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Enhanced Cred

12 February 2015 By Dominic Elliott

For once, Credit Suisse is on the front foot. Shares in the Swiss bank surged more than 9 percent on Feb. 12 after it kept its full-year dividend intact and revealed reassuringly robust fourth-quarter results. Better still, in outlining up to another 70 billion Swiss francs ($75 billion) in asset cuts this year, Chief Executive Brady Dougan is adopting a more proactive approach to tackling his bloated balance sheet.

Credit Suisse’s two main divisions are delivering for the first time in a while. In the investment bank, fourth-quarter fixed income revenue rose 7 percent year-on-year, versus an average 25 percent-plus decline on Wall Street, and continuing demand for high-yielding securitised products played to one of Credit Suisse’s core strengths. In wealth management, the underlying gross margin may have declined by two basis points to 95 bps in the fourth quarter, but that was better than at cross-town rival UBS, where it slipped four bps to 82 bps.

The bank still faces fallout from the rising Swiss franc, following the Swiss National Bank’s shock abandonment of its peg last month. But by indentifying a further 200 million Swiss francs in cost savings, Credit Suisse reckons it can get away with a drop of about 3 percent in 2015 pretax profit.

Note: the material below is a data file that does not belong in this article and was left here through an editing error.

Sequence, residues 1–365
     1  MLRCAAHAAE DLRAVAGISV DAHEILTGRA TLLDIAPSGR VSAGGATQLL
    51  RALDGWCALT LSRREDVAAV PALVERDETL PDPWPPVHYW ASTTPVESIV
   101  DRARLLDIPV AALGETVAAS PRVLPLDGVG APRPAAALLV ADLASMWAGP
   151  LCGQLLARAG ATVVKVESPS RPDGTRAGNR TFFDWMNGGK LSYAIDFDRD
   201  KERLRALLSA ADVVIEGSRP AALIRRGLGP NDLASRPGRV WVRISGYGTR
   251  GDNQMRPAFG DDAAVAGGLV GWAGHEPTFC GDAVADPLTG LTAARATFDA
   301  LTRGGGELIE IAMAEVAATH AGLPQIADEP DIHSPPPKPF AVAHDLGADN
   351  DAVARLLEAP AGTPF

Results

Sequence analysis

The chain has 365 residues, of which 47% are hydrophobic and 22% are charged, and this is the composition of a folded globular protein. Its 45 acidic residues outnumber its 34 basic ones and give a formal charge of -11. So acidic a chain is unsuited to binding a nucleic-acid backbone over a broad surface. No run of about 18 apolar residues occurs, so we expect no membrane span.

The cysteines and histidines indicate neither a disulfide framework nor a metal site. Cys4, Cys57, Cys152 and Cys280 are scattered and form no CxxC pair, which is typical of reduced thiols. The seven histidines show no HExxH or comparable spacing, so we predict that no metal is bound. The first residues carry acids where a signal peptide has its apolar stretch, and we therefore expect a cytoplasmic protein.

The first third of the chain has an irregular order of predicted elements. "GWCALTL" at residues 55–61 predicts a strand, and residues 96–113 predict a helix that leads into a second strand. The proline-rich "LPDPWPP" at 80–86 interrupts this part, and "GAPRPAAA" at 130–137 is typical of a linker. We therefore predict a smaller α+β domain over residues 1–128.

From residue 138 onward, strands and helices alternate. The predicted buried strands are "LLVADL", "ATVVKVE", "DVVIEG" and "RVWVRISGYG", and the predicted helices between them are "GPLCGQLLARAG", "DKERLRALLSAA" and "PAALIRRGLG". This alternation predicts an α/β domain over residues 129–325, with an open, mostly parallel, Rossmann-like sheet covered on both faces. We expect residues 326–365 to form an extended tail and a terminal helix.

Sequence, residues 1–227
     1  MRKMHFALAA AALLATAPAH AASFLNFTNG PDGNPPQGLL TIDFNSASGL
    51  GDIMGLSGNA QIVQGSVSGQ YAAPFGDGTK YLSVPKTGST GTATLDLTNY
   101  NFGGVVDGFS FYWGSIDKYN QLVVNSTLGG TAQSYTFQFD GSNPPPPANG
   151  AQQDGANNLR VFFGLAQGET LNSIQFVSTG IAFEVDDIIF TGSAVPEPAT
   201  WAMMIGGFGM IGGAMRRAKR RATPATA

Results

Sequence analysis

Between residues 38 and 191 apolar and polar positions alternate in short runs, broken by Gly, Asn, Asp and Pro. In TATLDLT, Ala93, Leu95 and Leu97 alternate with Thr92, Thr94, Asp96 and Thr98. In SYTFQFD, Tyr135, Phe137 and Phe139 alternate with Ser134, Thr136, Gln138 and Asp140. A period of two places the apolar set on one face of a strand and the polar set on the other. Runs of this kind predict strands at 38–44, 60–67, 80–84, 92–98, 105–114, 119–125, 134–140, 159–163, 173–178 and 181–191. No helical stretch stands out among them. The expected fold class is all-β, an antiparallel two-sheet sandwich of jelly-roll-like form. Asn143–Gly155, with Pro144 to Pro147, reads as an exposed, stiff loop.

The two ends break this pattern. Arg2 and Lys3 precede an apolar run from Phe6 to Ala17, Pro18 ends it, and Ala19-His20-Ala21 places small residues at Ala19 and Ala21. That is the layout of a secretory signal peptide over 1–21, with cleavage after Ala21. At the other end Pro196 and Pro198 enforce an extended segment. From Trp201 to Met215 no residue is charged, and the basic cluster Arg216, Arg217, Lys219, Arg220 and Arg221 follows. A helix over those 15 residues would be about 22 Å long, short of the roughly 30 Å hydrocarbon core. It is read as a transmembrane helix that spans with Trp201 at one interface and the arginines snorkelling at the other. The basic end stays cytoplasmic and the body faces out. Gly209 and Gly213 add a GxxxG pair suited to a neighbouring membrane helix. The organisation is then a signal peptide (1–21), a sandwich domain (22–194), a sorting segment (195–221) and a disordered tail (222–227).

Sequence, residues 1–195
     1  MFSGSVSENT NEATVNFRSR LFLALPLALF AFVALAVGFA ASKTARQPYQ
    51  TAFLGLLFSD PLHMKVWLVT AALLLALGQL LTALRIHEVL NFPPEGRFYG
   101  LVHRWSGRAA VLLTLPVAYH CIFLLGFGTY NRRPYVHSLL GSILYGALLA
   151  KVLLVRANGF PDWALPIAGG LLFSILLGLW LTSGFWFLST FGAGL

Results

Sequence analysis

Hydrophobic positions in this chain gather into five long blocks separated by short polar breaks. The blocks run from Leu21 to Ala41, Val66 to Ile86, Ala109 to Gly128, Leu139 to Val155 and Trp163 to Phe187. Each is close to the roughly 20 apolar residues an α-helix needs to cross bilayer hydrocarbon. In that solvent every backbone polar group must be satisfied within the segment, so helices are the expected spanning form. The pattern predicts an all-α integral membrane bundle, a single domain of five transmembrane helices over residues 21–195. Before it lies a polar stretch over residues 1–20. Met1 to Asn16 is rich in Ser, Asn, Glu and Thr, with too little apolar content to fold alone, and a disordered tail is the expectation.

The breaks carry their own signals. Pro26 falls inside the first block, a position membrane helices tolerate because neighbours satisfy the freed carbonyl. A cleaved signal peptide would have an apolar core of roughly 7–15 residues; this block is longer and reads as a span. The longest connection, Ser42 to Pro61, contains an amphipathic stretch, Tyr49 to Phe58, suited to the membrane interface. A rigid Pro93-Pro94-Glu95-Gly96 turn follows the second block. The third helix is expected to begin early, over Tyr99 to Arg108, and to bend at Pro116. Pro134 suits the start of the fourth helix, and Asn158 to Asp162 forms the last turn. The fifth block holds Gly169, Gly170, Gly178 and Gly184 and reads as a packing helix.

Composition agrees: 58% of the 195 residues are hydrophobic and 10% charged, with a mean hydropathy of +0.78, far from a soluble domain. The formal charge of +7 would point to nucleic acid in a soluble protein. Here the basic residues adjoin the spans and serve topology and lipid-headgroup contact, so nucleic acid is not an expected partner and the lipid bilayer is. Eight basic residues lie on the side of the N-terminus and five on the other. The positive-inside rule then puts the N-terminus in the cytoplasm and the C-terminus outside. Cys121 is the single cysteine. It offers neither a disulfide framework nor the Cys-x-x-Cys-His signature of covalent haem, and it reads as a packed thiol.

Operational strength means Dougan can grapple with another problem: capital. Leverage exposure fell 51 billion Swiss francs in the fourth quarter alone. Yet Credit Suisse still only achieved a 2.4 percent ratio of common equity to gross assets, which explains why Dougan has ramped up the bank’s crash diet, taking total balance-sheet reduction to 230 billion Swiss francs over 2015.

He should do more. Even with the extra asset surgery announced on Feb. 12, Credit Suisse reckons it will only reach a 3 percent threshold by the end of this year. Few banks are weaker on that metric, and it could get increasingly hard to shrink with rivals scrambling to do the same. Credit Suisse trades at 0.7 times its expected book value for 2015, against UBS’s 1.1 times. The more Dougan can keep things ticking along as he slashes assets, the more that gap might close.

 

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